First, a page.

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UK energy suppliers in crisis talks

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High demand for gas and reduced supply are behind a surge in wholesale prices, which are reported to have increased by 250% since January, with a 70% increase since August.

Several factors are blamed 
for the current supply/demand situation in Europe, including high demand in Asia for LNG which meant less has reached Europe, coupled with a cold winter in the US which affected LNG exports to Europe, and a tight gas market in Russia. Meanwhile, less wind has also led to a fall in renewable energy generation in the UK, and unplanned maintenance at nuclear power stations has exacerbated the situation. A recent fire at the IFA power cable in Kent, has further complicated the picture in the UK, with the 2,000 MW interconnector cable from mainland Europe reported to be unlikely to be able to import energy until March 2022.

UK consumers are protected 
from sudden increases in energy costs through an energy price cap, which is set by industry regulator Ofgem. However, this means energy companies have been unable to pass on the rapidly rising wholesale costs to customers, forcing a number of smaller companies such as Utility Point and People’s Energy to go out of business in early September. The UK’s sixth largest energy company, Bulb, was reported to be seeking a bail-out, while at least four other businesses were expected to close before the end of the month. Customers of energy companies that have gone out of business are transferred to another supplier; however, these suppliers are losing money as a result due to the price cap.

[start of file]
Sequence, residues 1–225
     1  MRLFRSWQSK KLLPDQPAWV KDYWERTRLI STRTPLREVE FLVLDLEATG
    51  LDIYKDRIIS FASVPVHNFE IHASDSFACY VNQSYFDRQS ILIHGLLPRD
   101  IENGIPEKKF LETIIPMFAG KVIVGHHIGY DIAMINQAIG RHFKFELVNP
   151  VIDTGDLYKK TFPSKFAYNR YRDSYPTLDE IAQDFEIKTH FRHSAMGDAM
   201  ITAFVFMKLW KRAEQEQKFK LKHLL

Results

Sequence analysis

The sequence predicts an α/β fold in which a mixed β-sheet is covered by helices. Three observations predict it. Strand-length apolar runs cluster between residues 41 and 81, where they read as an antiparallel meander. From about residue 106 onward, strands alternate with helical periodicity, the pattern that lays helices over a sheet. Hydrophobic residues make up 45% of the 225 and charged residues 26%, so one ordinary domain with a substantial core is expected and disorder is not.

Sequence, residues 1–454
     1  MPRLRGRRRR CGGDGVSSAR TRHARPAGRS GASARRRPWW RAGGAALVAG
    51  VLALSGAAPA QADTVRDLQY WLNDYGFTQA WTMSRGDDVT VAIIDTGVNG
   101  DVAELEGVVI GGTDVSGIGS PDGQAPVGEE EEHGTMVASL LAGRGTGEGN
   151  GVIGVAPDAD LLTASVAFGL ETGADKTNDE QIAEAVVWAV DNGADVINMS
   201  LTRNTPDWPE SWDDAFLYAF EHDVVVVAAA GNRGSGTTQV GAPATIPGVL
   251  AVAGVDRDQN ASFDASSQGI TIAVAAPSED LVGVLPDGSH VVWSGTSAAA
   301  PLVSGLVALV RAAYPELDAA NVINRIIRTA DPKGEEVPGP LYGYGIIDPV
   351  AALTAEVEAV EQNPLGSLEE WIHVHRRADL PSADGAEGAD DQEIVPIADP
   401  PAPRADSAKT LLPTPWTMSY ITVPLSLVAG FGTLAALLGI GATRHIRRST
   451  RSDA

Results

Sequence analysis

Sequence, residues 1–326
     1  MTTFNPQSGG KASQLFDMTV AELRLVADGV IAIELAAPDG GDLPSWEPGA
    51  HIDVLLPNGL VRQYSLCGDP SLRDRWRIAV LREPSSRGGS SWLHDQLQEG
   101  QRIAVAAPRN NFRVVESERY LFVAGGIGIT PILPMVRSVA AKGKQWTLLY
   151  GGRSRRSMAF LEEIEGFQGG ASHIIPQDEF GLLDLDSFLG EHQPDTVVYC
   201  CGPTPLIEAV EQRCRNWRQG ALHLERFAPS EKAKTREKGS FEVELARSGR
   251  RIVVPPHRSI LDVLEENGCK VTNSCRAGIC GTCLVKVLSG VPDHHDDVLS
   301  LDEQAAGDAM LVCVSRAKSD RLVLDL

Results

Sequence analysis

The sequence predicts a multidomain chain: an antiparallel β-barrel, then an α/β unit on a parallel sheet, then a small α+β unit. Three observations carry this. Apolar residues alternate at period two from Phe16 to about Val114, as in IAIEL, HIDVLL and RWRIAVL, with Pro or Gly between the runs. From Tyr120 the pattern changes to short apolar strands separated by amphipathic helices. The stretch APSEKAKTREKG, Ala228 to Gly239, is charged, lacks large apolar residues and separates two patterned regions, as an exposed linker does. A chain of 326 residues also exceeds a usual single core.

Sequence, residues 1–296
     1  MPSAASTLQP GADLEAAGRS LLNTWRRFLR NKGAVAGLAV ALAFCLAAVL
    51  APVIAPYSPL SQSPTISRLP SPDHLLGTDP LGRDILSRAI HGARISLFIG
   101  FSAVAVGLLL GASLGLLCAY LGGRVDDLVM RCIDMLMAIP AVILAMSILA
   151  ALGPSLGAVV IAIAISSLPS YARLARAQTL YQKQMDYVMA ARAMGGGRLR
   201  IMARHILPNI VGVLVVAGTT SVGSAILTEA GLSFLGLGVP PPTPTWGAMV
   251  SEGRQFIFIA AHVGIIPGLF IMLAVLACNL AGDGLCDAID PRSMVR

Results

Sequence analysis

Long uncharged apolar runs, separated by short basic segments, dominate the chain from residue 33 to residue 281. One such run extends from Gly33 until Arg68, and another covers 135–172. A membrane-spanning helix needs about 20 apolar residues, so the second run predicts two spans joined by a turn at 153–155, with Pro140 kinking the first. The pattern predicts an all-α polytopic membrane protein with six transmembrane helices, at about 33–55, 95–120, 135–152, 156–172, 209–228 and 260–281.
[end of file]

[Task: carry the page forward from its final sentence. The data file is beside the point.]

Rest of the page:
At the beginning of 2021 there 
were 70 energy suppliers in the UK, but industry sources suggest there may be as few as 10 left by the end of the year. 

As a result, the UK government 
has been holding crisis talks with industry bosses, including Centrica and E.On, reportedly considering offering emergency state-backed loans to the larger energy companies. However, such a move was later understood to have been moved to the ‘back-burner’, with the BBC reporting it had been told ministers believed the current system for managing the failure of energy companies, who can recoup losses through an industry-wide levy, is working satisfactorily, even though it will add costs to millions of customers.
 
As a knock-on effect of the soaring gas prices, the UK’s leading fertiliser producer US-owned CF Industries, which accounts for 60% of the UK’s CO2 production as a by-product of the industry, shut down two plants in mid-September (later reopening one after the UK government agreed to meet operating costs for three weeks while hoping the CO2 market adapts to global prices). The Norwegian firm Yara also cut production at one of its UK plants and some others in Europe. The resulting shortage of CO2 led UK food manufacturers and supermarkets to call for urgent action amidst fears of possible shortages of certain food products as CO2 is used to stun animals prior to slaughter and to keep food fresh for storage and transport.

Meanwhile, Equinor and its 
partners received permission to increase gas exports from the Øseberg and Troll fields in the north Sea to supply the tight European market. Production permits for two fields have each been increased by 1bn m3 for the gas year starting 1 October. As a result, Øseberg will be able to produce 6mn m3 and Troll some 73bn m3. Norway delivers nearly 30% of the UK’s total gas supply.

News Item details


Journal title: Petroleum Review

Countries: UK -

Subjects: Gas markets - Electricity markets - Carbon dioxide - Exploration and production - Gas - Policy and Governance -

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